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Myth #8 - CPS means one license per computer

Technology is evolving so rapidly that even the one “license per computer” dogma is being challenged. Dual Core Processors and the forthcoming era of virtualisation mean that one physical machine may contain two or more virtual machines – a little like virtual desktops.

Each of these virtual machines would be able to work on their own, independent from one another. It would, therefore, be possible for the average user to have a “work” configuration, a “game” configuration and a “testing” configuration etc, the important bit being that whatever might go wrong to one virtual environment has no impact on the other ones.

Open source software is not affected by licenses as it is basically an “install as much as you can” policy. As for commercial and proprietary software (CPS), various software vendors have different policies when it comes to licenses. Microsoft, for example, stipulates that you can install Office on up to two computers (desktop and laptop), provided the two are being used exclusively by one person only. That’s valid for the shrink wrap version.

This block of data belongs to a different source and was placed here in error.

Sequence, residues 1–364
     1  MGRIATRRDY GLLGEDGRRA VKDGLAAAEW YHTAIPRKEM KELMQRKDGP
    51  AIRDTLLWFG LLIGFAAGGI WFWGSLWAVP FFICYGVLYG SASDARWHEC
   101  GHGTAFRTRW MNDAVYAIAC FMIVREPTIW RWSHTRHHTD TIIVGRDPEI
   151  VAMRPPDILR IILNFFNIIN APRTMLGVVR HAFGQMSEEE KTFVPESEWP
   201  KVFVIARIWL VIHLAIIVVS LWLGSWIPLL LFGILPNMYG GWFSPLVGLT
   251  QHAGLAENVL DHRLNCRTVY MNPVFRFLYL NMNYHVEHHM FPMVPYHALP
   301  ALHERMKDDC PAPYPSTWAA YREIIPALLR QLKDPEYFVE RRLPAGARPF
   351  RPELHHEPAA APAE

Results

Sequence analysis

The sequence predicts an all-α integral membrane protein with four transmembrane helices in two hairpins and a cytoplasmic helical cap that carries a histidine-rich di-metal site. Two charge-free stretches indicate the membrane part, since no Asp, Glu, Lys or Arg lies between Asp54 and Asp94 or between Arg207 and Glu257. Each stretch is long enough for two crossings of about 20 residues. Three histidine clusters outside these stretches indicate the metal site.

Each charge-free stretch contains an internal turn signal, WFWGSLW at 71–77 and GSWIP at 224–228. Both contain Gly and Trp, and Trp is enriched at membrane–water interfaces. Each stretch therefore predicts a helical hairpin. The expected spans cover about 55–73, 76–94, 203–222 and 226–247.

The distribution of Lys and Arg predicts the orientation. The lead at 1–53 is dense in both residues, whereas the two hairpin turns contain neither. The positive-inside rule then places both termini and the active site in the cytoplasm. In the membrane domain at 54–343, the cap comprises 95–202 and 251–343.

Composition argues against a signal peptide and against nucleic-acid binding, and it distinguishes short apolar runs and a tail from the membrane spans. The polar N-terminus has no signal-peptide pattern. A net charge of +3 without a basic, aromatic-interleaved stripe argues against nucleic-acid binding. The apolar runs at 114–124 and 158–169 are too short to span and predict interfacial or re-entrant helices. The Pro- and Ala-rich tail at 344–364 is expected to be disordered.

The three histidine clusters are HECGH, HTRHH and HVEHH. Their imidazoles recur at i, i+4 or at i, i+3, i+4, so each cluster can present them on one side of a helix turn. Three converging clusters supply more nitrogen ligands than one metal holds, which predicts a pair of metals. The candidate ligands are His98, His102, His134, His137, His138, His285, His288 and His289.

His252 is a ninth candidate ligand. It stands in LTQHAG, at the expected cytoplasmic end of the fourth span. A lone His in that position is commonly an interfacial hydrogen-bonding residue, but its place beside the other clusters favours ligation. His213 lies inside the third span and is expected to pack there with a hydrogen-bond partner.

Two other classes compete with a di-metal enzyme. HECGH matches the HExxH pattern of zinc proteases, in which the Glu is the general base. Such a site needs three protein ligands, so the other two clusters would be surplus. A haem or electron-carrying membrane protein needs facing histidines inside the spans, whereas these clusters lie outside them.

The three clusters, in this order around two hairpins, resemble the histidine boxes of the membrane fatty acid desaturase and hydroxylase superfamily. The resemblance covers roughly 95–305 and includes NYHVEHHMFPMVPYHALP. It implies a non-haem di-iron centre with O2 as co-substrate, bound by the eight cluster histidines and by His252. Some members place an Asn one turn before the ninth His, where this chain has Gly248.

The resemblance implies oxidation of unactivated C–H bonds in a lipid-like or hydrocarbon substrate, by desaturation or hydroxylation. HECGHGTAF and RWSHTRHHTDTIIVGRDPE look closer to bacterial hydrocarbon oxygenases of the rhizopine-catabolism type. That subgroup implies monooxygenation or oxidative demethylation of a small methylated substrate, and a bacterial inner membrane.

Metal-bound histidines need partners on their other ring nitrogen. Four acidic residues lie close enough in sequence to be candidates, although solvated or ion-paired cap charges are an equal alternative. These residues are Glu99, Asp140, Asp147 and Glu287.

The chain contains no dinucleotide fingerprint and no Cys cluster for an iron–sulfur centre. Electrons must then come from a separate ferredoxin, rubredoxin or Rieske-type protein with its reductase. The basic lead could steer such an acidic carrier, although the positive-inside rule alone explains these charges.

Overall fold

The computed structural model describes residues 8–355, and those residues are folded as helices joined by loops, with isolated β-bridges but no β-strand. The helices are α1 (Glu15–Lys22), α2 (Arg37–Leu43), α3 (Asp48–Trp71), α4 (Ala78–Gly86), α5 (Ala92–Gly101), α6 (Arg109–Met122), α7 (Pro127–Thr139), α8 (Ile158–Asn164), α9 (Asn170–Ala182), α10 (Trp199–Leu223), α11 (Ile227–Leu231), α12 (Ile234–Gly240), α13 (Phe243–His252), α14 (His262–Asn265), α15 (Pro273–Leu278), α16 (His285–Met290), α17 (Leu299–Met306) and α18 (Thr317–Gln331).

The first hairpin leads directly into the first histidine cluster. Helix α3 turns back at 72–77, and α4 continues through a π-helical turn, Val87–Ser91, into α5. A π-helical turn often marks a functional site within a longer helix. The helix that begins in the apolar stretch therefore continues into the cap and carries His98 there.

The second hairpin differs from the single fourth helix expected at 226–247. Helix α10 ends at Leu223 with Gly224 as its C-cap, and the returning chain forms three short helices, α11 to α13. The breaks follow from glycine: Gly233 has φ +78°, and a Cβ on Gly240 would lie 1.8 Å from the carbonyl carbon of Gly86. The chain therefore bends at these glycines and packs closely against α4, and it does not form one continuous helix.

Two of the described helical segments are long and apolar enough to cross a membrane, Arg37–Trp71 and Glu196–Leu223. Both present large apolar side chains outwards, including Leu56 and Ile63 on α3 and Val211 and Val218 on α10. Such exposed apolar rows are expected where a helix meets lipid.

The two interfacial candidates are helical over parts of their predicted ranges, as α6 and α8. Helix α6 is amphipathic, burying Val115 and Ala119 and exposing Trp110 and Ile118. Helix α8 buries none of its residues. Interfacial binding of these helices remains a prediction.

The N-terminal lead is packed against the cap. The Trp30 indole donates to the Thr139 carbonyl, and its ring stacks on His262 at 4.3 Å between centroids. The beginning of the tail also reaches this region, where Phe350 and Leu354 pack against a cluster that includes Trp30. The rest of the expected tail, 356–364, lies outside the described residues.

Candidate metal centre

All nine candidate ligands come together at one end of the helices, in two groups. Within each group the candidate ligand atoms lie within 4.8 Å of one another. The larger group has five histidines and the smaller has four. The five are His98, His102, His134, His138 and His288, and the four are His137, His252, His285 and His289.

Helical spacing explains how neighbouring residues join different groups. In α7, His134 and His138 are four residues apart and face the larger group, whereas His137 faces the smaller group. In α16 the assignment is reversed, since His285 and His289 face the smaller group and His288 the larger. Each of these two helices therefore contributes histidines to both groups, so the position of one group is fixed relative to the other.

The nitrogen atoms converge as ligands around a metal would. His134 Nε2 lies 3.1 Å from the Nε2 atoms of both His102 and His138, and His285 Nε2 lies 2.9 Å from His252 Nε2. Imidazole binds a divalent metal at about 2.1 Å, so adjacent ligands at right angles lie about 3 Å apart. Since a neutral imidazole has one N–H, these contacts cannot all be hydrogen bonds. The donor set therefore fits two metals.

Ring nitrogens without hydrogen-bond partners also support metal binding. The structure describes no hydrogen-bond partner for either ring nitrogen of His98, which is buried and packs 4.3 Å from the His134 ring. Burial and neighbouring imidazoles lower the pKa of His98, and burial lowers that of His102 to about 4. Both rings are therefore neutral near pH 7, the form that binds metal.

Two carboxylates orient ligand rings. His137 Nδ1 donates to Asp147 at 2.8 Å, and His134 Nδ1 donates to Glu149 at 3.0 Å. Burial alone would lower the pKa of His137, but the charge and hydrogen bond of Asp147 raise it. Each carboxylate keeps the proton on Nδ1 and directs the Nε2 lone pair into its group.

The educational version can be installed on up to three computers, whilst the OEM one – which comes with your computer on purchase, can only be installed on only one.

Other vendors, including Sun Microsystems and IBM may license software to you per core, per seat or per user. Speaking of Microsoft, its open discount scheme on their popular software packages might be of some interest to you.

You can read about the ten other myths of commercial and proprietary software here.

Désiré has been musing and writing about technology during a career spanning four decades. He dabbled in website building and web hosting when DHTML and frames were en vogue and started writing about the impact of technology on society just before the start of the Y2K hysteria at the turn of the last millennium. Following an eight-year stint at ITProPortal.com where he discovered the joys of global tech-fests, Désiré now heads up TechRadar Pro. Previously he was a freelance technology journalist at Incisive Media, Breakthrough Publishing and Vnunet, and Business Magazine. He also launched and hosted the first Tech Radio Show on Radio Plus.